In 1990, after recording a record high 2,262 homicides, some called New York City the “murder capital” of the country. But since then, the homicide rate has steadily declined.

The Big Apple is on pace this year to record fewer homicides than the record low of 333 set in 2014, the New York Daily news reported in early September.

Some have even dubbed today’s NYC “the safest big city” in the US.

To get a better sense of what New York City’s streets are like these days, we spent three nights with NY Daily News crime reporter Kerry Burke, considered by many to be the best in the city.

Burke, 55, reported from Ground Zero on 9/11, helped break the Eric Garner story, and was even on a few episodes of Bravo’s “Tabloid Wars” in 2006. He said he’s been to roughly four shootings a week since he started the job 16 years ago.

The first night we spent with Kerry passed with few incidents — perhaps a sign of the safer times. But the last two nights told a different story.

Here’s what we saw.

SEE ALSO: I spent the weekend with a homeless community in New York to see what it’s really like to live on the streets

DON’T MISS: I covered murders during Chicago’s deadliest year in decades — here’s what I saw

Night 1: I first met Burke in the Bronx while he was trying to find a man who had just been acquitted on murder charges.

“How are ya, Mr. Brown?” he said in a Boston accent.

Burke, who grew up in Boston’s Dorchester housing projects, was rather formal at first, but switched right away to “bro” or “brotha,” like he called almost every other guy I met with him.

He filled me in on the details about the man he was looking for before we walked to the guy’s last known address.

Residents in the building told him the man no longer lived there, so Burke asked people in other buildings and nearby stores if they knew him.

“Bodegas are the best,” he said. “They know everything that goes on in the neighborhood and they know everybody.”

He walked into one unlocked neighboring apartment building and knocked on doors.

Burke was adept at talking to and gaining the trust of all different sorts of people, and he stressed the importance of being polite.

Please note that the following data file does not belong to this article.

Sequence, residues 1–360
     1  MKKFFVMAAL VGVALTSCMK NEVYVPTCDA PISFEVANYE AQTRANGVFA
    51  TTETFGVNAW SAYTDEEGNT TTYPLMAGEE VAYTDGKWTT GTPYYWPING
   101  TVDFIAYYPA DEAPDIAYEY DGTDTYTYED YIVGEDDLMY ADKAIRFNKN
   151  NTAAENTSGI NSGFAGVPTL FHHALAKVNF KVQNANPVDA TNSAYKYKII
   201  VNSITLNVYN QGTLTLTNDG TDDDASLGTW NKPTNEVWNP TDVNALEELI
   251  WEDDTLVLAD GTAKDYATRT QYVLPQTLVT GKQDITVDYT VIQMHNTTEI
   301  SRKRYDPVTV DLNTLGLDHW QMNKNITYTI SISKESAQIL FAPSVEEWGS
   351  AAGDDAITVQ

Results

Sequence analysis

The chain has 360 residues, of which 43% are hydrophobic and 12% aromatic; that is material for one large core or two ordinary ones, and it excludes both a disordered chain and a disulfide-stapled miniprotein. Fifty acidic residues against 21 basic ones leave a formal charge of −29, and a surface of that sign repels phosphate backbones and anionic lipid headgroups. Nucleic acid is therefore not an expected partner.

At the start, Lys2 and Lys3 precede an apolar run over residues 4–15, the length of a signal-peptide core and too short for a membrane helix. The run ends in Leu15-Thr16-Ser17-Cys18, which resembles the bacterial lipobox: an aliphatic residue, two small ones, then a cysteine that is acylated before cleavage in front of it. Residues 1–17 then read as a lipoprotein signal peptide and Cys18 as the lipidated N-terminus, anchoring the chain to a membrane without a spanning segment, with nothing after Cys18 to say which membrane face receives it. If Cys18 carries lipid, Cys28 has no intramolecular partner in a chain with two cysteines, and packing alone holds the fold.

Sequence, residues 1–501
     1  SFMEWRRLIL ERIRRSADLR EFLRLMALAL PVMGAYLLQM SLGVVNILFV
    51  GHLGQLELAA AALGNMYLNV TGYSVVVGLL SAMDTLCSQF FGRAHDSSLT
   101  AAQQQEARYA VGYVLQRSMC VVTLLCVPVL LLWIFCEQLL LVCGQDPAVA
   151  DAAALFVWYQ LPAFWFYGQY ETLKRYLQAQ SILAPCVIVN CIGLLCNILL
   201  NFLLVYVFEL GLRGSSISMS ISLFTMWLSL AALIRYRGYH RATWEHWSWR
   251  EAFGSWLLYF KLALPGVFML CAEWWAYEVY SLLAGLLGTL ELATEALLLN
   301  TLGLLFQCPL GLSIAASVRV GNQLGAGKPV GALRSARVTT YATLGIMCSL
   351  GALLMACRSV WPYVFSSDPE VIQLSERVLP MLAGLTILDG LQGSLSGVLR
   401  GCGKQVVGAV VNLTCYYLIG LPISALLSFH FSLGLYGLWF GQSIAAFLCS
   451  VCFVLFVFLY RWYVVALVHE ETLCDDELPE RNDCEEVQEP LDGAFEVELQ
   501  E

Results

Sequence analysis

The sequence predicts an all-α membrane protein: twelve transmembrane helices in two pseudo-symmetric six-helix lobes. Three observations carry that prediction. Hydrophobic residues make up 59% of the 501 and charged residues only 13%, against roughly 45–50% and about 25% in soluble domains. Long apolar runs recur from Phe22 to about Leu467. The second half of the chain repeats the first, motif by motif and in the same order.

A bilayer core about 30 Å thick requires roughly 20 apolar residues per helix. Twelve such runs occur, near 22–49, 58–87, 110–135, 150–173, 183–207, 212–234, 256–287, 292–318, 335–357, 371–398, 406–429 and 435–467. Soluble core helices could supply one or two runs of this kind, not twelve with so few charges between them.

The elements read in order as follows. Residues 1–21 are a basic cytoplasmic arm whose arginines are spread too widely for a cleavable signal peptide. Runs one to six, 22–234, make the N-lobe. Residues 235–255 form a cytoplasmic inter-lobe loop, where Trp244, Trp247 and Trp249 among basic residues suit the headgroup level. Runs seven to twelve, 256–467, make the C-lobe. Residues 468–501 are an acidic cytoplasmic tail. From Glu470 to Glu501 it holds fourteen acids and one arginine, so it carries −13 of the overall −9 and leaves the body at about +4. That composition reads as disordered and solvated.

“Maybe it’s because I’m a troubled Catholic that I always say thank you,” Burke said, adding that he “might have to come back” to get more information, too.

After about an hour or so, Burke was able to get the man’s phone number, but unable to reach him.

He later heard that a murder suspect was being questioned at the 32nd precinct, and decided to go wait outside in the hopes of getting a statement when the suspect walked out.

Around 11 p.m., the suspect’s cousin walked out of the precinct. Burke asked him a few questions, but didn’t get much.

Throughout the eight hours I spent with Burke that first night, there were no homicides, and only one shooting — a man hit in the buttocks.

The victim’s condition was immediately stabilized, and since the incident was not serious, and it happened more than an hour away from us, we didn’t go.

I took the lack of homicides or serious shootings during Burke’s shift, especially given that it was a Friday night, as a good sign. But it was only the first night.


See the rest of the story at Business Insider

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'Criminal Minds': Was the End of the Scratch Storyline Disappointing? – BuddyTV (blog)

Criminal Minds introduced fans to Mr. Scratch back in season 10, and while he may have only been in six episodes, his presence has been felt for many more episodes than that. Was the resolution of his storyline in the season 13 premiere worth the wait?

In some aspects, yes, it was satisfying to wrap it up. But it was lacking in others. Instead, we’re left to think about his impact on the team when he’s not there, when he is there and now when he’s gone and if that is enough.

Criminal Minds Season 13 Premiere Recap: Prentiss’ Nerve-Racking Visit with Mr. Scratch>>>

Scratch’s Reign of Terror on the Team

Since his introduction, Scratch has gotten into the team’s heads (and system) — who could forget him making Hotch see his team dying? — and that remains true up until his final moments in “Wheels Up.” And since this is a team that analyzes criminals’ minds, that made what he did all the more terrifying. They’re supposed to be the ones who get into the serial killers’ heads, not the other way around. And in that regard, that makes Scratch a successful story.

He got into Hotch’s head from the beginning and, through his stalking of Jack, got into his head again, leading to him entering Witness Protection. He tried to get into Tara’s head through her brother. As Prentiss admitted in the last scene of the premiere, he got into her head more than she liked. And in his final moments, he got into Luke’s head in a way that should hopefully be explored this season.

Scratch Took Prentiss, But Did He Think His Plan Through?